With his induction into the UMass Dartmouth Corsair Athletic Hall of Fame, Bruce Violante '65 joins a select group of only two other Hall of Famers with varsity letters in three sports. From 1961 through 1965, while competing for New Bedford Institute of Technology, Violante played soccer, basketball and baseball. In basketball, he was among the top scorers in the region, ranked among the top 20 scorers in the conference. He averaged 20 points per game throughout his career. In baseball, Violante was a standout shortstop and outstanding hitter, batting over .300 for four years. He served as captain of both the basketball and baseball teams and also played three seasons of varsity soccer as well. Violante remains active in local athletics, serving as a veteran football official in the southeastern Massachusetts area.
Kenneth Whitten joins the UMass Dartmouth Corsair Athletic Hall of Fame posthumously after passing away unexpectedly in July of 2001. The records will show that Ken Whitten was an assistant ice hockey coach with John Rolli for the last 17 seasons and an employee in the UMass Dartmouth Athletic Department's equipment room for more than 10 years. Whitten had also served as an ice hockey coach at Bristol County Regional Agricultural High School before joining the then SMU ice hockey program back in the early 1980's. He worked in several capacities for Facilities Management, Inc, the company that runs the Hetland Arena in New Bedford.
But Whitten's contributions to the student-athletes, the coaches and the Athletic Department as a whole went much further than what the records show. He was a friend to every Corsair ice hockey player for the last 17 seasons and one of the quiet people behind the scenes who has helped UMass Dartmouth ice hockey become on of the most successful Division III programs in New England. Following his death, a memorial fund was established in his memory to benefit the ice hockey program at UMass Dartmouth.
Paula Freischlag (Gendron) '86 competed in both cross country and track at SMU for four seasons, earning a long list of records and accomplishments in both sports. In her first season of competition, she was the Corsairs' fourth cross country runner on a team which finished fourth in the NCAA nationals at Fredonia, NY, running behind three teammates who each earned All-America status. SMU posted a 5-0 record that season with a fifth place finish at the All-New Englands and captured the New England Division III championships. As a junior, she was an ECAC Division III all-star and was the Corsairs' top runner and the following year, as a senior, she was team co-captain as the second runner behind Nicole Fogerty, a Division III All-America selection. In 1984, she qualified for and ran in the Division III nationals in the 10,000 meters. During that season, she set a school record in the 10,000 meters at 37:50.8, a record that still stands today.
David Hurley '87 played baseball for SMU from 1983 through 1986 and was Coach Bruce Wheeler's top pitchers throughout his career. Fifteen years after his graduation, Hurley's name still dominates the Corsair record book like no other pitcher. Hurley is ranked first in several categories, including games started in a season (15 twice), innings pitched in a season (109), career starts (52), career innings pitched (394), and career victories (30). He ranks second all-time in complete games (25), is tied for second in single season wins (10) and is third in career appearances (67). His 204 career strikeouts were fourth best in the 30-year history of baseball at SMU and UMass Dartmouth. In his four years with the Corsairs, Hurley was both a starter and a relief pitcher who took the baseball whenever the Corsairs needed him most.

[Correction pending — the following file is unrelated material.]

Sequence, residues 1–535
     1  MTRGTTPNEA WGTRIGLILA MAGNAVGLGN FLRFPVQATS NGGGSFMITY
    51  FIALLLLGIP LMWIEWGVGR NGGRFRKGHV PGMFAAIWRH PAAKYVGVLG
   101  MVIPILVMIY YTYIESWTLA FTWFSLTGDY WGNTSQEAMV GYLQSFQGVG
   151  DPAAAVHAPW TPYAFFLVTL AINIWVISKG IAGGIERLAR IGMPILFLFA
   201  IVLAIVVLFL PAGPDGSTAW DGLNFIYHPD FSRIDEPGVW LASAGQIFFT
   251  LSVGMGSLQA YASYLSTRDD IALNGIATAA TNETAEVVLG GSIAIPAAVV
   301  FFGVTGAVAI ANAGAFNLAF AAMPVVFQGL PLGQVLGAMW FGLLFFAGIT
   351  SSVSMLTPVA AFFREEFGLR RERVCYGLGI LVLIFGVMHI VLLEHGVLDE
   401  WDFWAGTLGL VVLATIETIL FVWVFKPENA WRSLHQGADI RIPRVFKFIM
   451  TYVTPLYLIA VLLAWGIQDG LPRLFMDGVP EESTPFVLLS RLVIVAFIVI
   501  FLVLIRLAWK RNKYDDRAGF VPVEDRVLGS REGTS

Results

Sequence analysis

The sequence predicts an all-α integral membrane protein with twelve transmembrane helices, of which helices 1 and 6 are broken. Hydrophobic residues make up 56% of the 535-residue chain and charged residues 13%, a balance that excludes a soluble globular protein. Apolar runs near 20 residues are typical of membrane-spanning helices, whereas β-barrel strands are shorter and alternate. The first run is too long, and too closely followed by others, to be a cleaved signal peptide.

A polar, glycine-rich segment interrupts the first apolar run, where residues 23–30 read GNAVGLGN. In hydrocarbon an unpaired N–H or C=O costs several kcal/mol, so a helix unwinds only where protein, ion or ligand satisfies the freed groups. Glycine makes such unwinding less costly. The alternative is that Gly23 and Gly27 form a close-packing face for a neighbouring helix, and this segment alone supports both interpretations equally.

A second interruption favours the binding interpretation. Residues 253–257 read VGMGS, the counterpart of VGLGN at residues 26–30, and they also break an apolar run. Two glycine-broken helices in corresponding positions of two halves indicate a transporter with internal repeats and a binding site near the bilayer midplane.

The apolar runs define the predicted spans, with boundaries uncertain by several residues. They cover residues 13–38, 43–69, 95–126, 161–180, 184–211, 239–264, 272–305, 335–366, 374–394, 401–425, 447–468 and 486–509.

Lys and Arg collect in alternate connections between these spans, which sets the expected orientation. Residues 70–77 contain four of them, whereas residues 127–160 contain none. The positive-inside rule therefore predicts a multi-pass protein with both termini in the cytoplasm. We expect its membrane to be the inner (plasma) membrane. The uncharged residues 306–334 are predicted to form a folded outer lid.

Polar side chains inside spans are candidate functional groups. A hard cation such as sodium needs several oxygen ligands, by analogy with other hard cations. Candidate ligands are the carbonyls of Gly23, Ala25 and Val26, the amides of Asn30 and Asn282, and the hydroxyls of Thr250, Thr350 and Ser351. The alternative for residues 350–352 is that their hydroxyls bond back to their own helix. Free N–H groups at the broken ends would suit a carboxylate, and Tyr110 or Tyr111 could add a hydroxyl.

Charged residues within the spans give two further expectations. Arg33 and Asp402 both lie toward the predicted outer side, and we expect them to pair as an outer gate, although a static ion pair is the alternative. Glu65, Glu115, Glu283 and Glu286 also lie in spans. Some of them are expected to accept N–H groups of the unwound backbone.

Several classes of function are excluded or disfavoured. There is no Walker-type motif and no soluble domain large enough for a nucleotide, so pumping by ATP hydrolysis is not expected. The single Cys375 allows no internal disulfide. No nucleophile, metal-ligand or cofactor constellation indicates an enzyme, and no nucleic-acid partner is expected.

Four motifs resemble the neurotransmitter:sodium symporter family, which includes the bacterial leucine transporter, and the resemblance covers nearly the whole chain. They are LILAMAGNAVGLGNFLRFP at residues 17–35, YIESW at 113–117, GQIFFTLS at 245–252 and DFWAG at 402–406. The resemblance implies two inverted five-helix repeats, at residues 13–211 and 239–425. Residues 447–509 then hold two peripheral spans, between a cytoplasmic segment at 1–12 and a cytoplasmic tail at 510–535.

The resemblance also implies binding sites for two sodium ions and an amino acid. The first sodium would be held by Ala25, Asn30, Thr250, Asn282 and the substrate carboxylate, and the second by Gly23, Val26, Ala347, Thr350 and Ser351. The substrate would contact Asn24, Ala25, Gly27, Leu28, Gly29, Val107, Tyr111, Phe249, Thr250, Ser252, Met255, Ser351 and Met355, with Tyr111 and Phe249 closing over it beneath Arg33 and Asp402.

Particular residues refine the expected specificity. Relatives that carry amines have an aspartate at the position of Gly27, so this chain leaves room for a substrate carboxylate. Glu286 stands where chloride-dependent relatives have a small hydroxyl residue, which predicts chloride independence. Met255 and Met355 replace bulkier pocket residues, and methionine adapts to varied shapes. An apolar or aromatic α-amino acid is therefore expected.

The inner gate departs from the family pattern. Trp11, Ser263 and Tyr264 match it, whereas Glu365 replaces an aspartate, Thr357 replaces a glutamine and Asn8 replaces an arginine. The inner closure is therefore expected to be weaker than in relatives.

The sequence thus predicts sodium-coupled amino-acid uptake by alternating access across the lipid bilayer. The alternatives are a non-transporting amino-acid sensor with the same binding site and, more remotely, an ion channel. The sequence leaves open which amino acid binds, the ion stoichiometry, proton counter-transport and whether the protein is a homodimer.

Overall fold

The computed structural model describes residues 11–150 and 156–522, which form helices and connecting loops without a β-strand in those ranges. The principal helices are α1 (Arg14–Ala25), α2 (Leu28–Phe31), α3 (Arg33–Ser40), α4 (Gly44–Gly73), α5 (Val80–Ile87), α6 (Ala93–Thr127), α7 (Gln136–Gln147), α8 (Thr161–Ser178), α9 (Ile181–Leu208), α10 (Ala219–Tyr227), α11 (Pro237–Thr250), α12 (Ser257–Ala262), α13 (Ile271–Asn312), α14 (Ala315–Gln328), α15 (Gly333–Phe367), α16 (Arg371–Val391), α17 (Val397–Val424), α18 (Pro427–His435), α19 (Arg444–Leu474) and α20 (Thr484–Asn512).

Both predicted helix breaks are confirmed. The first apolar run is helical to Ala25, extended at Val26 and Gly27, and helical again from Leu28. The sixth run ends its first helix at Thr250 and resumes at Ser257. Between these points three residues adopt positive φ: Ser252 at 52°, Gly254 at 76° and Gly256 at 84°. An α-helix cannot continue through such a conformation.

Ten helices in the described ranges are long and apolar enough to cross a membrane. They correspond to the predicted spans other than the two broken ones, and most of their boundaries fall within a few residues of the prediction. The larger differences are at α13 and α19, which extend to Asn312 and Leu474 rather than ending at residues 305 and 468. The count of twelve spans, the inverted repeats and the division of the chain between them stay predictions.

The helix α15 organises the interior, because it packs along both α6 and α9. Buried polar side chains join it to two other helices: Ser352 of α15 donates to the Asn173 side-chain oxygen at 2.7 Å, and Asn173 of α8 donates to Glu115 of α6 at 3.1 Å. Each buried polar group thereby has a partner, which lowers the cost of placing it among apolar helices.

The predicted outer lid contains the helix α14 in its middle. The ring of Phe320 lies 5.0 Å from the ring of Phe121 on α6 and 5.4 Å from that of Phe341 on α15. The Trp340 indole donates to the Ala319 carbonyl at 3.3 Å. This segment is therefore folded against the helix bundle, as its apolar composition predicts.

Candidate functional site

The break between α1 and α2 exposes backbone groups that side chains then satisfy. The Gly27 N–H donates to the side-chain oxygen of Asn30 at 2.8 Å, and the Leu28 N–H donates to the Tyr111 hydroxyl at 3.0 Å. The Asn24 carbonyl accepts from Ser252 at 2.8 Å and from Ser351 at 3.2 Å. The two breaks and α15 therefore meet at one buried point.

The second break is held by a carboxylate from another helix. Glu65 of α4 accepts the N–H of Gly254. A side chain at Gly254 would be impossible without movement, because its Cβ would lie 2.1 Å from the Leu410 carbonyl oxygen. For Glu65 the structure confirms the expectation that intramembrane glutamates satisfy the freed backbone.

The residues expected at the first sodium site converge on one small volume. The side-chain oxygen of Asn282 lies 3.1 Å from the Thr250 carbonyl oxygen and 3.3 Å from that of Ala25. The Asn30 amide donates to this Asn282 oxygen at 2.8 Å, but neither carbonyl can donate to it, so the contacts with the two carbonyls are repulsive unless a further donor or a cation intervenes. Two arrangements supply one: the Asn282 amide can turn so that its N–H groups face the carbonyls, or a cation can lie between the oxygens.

For three seasons, Aaron Lee '96 was part of some of the most successful men's basketball teams in UMass Dartmouth history. Following his outstanding career, Lee set Corsair career records for most three-pointers in a game (eight), most three-pointers in a season (96) and most career three-point field goals (313). Among the Corsairs' all-time scorers, Lee's 1,915 points ranks him fifth and his 39 points against Eastern Connecticut in 1992-93 is tied for fourth all-time. As a sophomore in 1992-93, Lee was part of a 25-6 season which including an LEC regular season and tournament championship. He was an LEC Tournament, NCAA Sectional All-Tournament, LEC and ECAC first team selection. The following season, the Corsairs were 22-6, advanced to the third round of the NCAA Tournament as Lee was a First Team selection by the NABC, ECAC, LEC, and LEC Tournament. In his senior season, the Corsairs went 24-4 with LEC regular season and tournament championships and advanced to the second round of the NCAA's. Lee was a first team NABC All-Northeast Region All-Star. In his three years with the Corsairs, Lee averaged 19.5, 20.3 and 19.5 points respectively.
Coached by the late Celestino Macedo, 1962 New Bedford Institute of Technology Golf Team was the first golf team at one of UMass Dartmouth's predecessor schools to win an NAIA New England Championship. The members of the team reads like a Who's Who of the local golf scene including, Dr. William Marginson, Captain, Peter Guisti, Frederick Purrington, Peter Bass, James Osborne, the late Robert LaFlamme and Norman Secea. The team began as an informal gathering of Marginson and his golfing friends. They had some trouble finding a coach before drafting Macedo, a former Dean of Students at SMU. During their first season in 1962, the team captured a conference championship and the NAIA Division III New England championship. The team earned an invitation to the NAIA national championship tournament in Oklahoma, but was unable to participate because of a lack of funds for the trip.